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reeceritchie
27th February 2020

Opinion: Slowthai and the NME awards

Writer Reece Ritchie explores the aftermath of Slowthai’s actions at the NME awards and how the music industry has reacted, giving his opinions on his home town hero’s actions
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Opinion: Slowthai and the NME awards
Photo: Edwardx@WikimediaCommons

The musical world woke up on the 13th of February 2020 to the news that the prestigious NME awards had been spoiled by one particular Northampton rapper and his behaviour towards comedian and host Katherine Ryan after receiving the Hero of the Year award.

Moments before calling for the acceptance and inclusion of minorities into music, Slowthai asked Ryan to “smell his cologne” and indicating to a packed crowd of musicians, critics and fans alike that she wanted him to “tend to her flowers”.

This was all before finishing his speech, thanking a gentleman in the audience for ruining it, dropping his mic off stage, being called a wasteman and then jumping into the crowd to fight said heckler. The gentleman Slowthai had as his target had been calling him a misogynist throughout the speech and was too drunk to keep all of his drink off the stage.

Before these events Slowthai had meant a lot to me, being the only musical act to make it from my hometown of Northampton. He is known among those as back home as a herald and a champion of the working class amongst young people, such as myself, coming from council houses and single mothers.

I have no shame in saying that I idolised Slowthai. His energy and joy was something I wanted to take into my own music–if he could take on the world stage, playing on Jimmy Fallon, then I could take on university. But, Slowthai’s thrown that reputation away.

This isn’t to take away from the real victims of these events, those that have been sexually harassed and mistreated in the past, but rather explain why I wanted to personally detail what happened and show how quickly artists can go from hero to zero.

Slowthai responded by labelling his comments as a joke he escalated “to a point of shameful actions” and attempted to open a point of discourse. His comments felt rather flat however and were seen as more of method of damage control rather than heartfelt apologies. Even offering to give Katherine his hero of the year award:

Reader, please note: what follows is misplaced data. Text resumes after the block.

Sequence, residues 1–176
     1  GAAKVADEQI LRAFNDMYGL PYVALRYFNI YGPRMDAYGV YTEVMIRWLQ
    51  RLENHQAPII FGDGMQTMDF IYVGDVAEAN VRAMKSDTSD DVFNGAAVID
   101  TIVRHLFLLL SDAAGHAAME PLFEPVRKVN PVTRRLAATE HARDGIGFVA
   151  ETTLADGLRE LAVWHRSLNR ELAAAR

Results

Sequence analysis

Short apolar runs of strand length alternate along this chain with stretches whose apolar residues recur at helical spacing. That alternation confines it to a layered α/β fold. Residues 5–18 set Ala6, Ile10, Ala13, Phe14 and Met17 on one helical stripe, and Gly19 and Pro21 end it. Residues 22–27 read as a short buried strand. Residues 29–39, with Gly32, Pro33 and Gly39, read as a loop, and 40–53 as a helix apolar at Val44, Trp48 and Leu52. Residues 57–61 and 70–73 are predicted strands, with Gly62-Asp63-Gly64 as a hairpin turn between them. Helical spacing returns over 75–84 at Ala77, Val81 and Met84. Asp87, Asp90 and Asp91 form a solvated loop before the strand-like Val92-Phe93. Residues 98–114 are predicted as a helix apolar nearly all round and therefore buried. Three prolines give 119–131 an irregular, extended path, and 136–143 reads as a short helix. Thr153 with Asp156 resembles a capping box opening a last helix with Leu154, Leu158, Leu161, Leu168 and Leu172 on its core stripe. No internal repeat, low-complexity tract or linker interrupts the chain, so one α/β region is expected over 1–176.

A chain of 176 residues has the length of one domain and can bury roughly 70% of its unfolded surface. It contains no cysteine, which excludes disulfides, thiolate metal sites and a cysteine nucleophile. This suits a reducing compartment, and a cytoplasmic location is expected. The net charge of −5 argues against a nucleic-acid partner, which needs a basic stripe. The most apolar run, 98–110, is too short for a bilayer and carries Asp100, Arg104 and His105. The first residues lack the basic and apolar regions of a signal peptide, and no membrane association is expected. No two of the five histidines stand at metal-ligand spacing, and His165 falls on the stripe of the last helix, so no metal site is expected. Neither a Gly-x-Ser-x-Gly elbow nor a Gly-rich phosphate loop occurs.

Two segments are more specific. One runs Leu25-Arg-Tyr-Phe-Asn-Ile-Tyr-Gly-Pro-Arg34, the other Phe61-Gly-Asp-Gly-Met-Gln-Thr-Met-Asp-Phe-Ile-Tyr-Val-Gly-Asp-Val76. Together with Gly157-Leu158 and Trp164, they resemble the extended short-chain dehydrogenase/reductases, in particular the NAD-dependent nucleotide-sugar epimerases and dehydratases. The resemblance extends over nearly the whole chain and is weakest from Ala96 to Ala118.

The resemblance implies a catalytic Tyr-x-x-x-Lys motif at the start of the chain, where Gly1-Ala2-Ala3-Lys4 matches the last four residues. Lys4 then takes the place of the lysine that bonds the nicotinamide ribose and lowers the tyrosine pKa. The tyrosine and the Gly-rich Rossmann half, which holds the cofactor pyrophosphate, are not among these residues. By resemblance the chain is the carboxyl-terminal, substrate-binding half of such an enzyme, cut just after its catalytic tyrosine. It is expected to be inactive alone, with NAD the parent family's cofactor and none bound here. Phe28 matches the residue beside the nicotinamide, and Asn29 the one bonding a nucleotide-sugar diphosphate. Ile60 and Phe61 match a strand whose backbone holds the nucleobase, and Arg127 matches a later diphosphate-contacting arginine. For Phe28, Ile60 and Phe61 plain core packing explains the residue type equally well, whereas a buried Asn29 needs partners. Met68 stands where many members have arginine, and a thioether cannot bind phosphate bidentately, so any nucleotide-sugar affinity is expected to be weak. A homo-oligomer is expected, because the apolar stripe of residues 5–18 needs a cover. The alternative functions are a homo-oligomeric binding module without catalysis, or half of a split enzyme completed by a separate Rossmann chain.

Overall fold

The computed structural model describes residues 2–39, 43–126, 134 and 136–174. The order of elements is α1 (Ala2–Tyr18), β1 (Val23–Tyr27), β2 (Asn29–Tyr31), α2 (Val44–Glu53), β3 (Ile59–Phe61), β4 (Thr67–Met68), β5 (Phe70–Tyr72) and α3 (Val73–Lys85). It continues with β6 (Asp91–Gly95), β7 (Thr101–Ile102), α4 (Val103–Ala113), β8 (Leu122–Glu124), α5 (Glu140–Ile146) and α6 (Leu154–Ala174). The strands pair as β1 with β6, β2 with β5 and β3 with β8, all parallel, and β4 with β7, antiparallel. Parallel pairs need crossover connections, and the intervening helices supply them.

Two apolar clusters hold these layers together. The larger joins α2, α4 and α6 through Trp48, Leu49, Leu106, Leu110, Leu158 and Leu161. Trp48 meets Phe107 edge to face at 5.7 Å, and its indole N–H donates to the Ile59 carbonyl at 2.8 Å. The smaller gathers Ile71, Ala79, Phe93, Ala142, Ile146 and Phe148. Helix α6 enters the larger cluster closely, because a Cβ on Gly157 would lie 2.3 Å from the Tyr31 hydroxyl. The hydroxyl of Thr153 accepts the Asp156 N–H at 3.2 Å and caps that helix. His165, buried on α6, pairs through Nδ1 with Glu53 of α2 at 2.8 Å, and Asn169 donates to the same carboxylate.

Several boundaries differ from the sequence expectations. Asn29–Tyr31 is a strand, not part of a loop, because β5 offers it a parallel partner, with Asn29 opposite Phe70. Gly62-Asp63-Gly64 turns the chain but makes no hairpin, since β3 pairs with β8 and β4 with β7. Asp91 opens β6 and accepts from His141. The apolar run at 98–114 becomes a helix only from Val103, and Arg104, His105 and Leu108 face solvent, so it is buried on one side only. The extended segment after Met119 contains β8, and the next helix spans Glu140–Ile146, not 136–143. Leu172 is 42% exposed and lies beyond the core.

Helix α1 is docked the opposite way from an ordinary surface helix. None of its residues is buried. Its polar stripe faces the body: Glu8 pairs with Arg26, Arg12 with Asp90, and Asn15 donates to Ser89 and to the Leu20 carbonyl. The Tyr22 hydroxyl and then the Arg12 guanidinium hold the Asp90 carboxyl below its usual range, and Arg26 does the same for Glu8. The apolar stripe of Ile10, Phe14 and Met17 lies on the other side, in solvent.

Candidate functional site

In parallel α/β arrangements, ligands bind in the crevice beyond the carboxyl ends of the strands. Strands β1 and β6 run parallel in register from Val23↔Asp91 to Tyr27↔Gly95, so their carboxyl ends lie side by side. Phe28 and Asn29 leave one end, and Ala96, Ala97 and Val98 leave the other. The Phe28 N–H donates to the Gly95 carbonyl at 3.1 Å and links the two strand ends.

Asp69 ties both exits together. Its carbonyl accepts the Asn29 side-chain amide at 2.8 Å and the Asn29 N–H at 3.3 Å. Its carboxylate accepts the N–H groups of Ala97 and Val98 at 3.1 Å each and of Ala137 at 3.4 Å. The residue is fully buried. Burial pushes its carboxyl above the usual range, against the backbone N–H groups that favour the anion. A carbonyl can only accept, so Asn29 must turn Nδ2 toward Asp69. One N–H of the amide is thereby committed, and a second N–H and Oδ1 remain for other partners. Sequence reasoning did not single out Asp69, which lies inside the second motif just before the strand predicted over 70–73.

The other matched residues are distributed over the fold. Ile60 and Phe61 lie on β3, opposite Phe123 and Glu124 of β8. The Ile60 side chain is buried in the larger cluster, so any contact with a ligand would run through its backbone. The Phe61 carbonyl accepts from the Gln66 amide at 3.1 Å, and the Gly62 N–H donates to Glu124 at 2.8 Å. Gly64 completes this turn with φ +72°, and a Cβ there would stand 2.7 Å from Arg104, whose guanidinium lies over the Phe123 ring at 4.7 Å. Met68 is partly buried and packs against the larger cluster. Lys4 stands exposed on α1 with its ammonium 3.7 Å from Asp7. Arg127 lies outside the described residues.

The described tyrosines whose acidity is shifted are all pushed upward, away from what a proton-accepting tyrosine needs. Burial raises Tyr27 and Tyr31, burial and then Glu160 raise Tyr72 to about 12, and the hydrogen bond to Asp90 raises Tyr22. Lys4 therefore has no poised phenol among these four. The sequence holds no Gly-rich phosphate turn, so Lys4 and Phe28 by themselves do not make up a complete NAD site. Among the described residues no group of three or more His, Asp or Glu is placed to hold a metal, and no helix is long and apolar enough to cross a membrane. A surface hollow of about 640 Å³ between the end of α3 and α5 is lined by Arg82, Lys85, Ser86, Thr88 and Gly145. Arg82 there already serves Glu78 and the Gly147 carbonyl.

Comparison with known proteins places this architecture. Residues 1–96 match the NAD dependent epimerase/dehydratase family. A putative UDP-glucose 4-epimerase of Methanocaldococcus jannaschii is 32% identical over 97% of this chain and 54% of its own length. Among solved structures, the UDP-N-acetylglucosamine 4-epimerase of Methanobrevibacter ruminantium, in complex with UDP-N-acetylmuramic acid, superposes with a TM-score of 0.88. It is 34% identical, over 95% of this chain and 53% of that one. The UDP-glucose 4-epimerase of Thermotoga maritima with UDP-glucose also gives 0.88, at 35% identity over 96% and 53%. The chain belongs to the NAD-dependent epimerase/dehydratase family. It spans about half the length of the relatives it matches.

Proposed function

Slowthia’s response part Two.

After Slowthai had given his response, one that I found unconvincing, I had made up my mind that he had been sexually threatening to Ryan and that was it. I had made the decision to stop supporting him as an artist as I have with the likes of Michael Jackson and Chris Brown.

However, I then saw the response of Katherine Ryan herself and the popular radio DJ Annie Mac, and found myself even more confused than before.

At first, I was relieved, I felt convinced I could continue to support one of my favourite artists because, who was I as a man to tell a woman whether she was sexually harassed if she felt that she wasn’t.

It felt for a moment that these negative feelings had stemmed from the twitter storm that had amassed from a few moments of footage posted by the audience. Now, much of the audience and several females prevalent in the UK music scene were saying Slowthai’s behaviour was a joke taken too far, stupid but not harassment.

Yet, even this didn’t totally convince me, I still felt part of the issue was performers like Ryan and Mac attempting to avoid being viewed as ‘problematic women’ that many females who stand up for themselves in the music sector get labelled to be.

All in all, the events that followed the NME awards have left me more confused than I thought I could possibly be from sexually threatening comments. I aim to support women at all levels from the local pub to the stage of music awards, and this means listening to them and their feelings about how they’ve been treated.

Therefore, I am torn between forgiving Slowthai, because of the comments made by Katherine Ryan and Annie Mac, and on the contrary listening to many of the women of the public who feel that his actions were a detriment to gender relations. Blindly supporting Slowthai through this could encourage a lot of young men that idolise him that this is acceptable behaviour – which of course it is not.

As with all controversy in the music world, there will forever be polarising opinions on these events. Some readers will believe Slowthai did nothing wrong at all and some will believe that he has no chance for redemption for his actions. My opinion is that I have no clue where to stand as we will never know whether the statements published by Katherine Ryan were truly her real feelings, alongside the fact we will never know Slowthai’s real intention.

Reece Ritchie

Reece Ritchie

Reece is the Mancunion’s Music Editor, leading the team covering Manchester’s music scene and beyond. He is also an editor at Music Is To Blame, an independent music publications and has written words for WHATWESPEW the Manchester punk collective.Now Head Rep for the record label Scruff of the Neck and the host of The Northwest Emo Show he continues to deliver articles on the very best music Manchester and the UK has to offer. He also features his own photography within his articles, working with the likes of Slowthai, Enter Shikari and Wargasm.

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